Saudi Arabia’s Next Oil Move
The sharp decline in the Brent price to below $60/barrel and the weakening of the oil demand outlook due to the US-China trade war has brought to the fore the issue of Saudi Arabia’s next move. There have been multiple media reports indicating that Saudi Arabia would not tolerate the latest price slide and that the Kingdom has approached other OPEC members to discuss possible steps to arrest the decline in the oil price. To most analysts and investors, this signals that Saudi Arabia is willing to cut its output further to try to maintain a floor under the oil price regardless of the nature of shocks hitting the market.
Given that demand shocks are more persistent and that the trade war could take a long time to resolve with resulting repercussions being felt for many years, the required cuts may have to be deeper and maintained for longer. Saudi Arabia also faces the challenge of convincing other OPEC+ members to implement deeper cuts, especially given that the pool of those countries that can cut is small. Cutting unilaterally risks distorting other OPEC+ members’ incentives, shifting the entire burden of rebalancing to Saudi Arabia. But even if Saudi Arabia does cut output unilaterally, the oil price response may be muted in which case the Kingdom may end up with lower revenues.
But if cutting output may not necessarily lead to higher revenues in the current context, could a policy of increasing output result in higher revenues in the medium term? In other words, could the revenue calculus facing the Kingdom change in the face of a negative demand shock? If the numerous reports that US shale is on its last legs and ‘the time for US shale is up’ are correct, and given that most of the growth in non-OPEC supply originates from the US, then it is straightforward to construct a scenario in which higher Saudi output would accelerate the slowdown in US shale and Saudi Arabia’s medium term revenues would rise as the Kingdom could increase its market share without negatively impacting the price. The reality however is that the US shale response is not yet understood and as recent history has shown, its performance can’t be predicted with any accuracy and it could be that many of the reports highlighting the extent of the current weaknesses and the decline in productivity of US shale are exaggerated. As such, the costs of undertaking such a strategy could be high while the benefits are highly uncertain.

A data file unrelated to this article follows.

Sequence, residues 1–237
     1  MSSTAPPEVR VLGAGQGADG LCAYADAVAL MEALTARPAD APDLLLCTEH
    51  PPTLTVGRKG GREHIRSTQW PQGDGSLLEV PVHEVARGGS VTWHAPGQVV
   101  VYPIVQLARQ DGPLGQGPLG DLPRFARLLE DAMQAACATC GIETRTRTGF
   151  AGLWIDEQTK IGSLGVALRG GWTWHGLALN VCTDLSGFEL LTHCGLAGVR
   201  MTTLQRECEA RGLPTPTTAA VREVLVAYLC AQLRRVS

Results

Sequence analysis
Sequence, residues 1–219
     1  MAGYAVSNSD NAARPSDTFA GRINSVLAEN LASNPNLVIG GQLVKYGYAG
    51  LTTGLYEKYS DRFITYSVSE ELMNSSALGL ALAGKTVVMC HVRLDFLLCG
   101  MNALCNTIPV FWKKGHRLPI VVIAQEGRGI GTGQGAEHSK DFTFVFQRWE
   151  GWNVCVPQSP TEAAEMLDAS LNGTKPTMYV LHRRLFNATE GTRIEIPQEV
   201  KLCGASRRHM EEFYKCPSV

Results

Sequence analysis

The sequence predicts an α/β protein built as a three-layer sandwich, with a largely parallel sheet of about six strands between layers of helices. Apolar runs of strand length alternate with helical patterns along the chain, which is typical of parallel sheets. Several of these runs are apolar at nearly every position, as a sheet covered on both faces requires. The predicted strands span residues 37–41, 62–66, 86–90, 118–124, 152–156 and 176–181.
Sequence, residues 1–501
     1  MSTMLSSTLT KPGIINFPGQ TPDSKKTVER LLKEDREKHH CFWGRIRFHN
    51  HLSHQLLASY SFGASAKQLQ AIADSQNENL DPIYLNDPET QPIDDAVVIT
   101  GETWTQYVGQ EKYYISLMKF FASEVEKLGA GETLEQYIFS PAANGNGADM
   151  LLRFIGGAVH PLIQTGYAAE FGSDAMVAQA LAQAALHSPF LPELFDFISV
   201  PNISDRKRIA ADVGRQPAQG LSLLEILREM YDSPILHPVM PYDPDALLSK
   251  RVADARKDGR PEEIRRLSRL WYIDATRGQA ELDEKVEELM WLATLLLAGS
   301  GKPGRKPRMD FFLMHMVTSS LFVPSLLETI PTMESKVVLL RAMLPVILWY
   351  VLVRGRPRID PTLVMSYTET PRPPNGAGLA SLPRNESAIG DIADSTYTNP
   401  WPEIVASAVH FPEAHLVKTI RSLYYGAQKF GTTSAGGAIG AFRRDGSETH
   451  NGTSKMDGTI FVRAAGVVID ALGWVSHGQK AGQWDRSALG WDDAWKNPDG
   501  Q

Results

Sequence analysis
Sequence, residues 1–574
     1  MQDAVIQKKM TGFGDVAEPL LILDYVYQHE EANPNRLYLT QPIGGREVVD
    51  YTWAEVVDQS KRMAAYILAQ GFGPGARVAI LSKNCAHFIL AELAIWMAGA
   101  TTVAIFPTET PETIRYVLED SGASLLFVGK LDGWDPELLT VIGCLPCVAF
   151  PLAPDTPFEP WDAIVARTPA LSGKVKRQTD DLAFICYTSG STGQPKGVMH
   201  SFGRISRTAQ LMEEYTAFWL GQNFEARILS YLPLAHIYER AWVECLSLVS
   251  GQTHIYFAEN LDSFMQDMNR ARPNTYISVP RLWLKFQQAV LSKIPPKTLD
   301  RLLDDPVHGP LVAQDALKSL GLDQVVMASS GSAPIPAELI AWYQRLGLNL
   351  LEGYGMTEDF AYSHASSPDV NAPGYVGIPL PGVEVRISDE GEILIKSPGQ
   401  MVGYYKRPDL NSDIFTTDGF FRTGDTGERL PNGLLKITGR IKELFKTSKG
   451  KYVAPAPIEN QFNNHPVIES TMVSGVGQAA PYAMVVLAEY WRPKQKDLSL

Given the risks and costs associated with each of the above options and the wide uncertainty regarding the size of the shocks and their persistence, the most likely scenario is for Saudi Arabia will not to deepen its cut further nor seek a new OPEC+ agreement for deeper cuts, in the hope that slower US shale growth and geopolitical outages will outweigh demand weakness and stocks will fall in the second half of the year. Looking at current market fundamentals alone, there is no urgent need to shift gears for now: the overall compliance within OPEC+ is robust, supply outages remain high, and US shale production growth has been showing signs of deceleration. Thus, on the supply side, almost everything is going in the Kingdom’s favour. The problem lies elsewhere and supply measures alone can’t counter the broad macro factors. Sometimes the best course of action is to do nothing.
However, looking ahead into next year, the challenge of balancing the market gets more difficult if demand weakens further and Saudi Arabia may need to reconsider its policy. If expectations of a sharp fall in demand growth do materialise, it should consider all options as the trade-offs and the revenue calculus could change. However, until the divergence in expectations narrows and the macro sentiment stabilises, OPEC may find that its best option is to ‘stay on the sidelines’ but prepare for the increasing possibility of harder times ahead.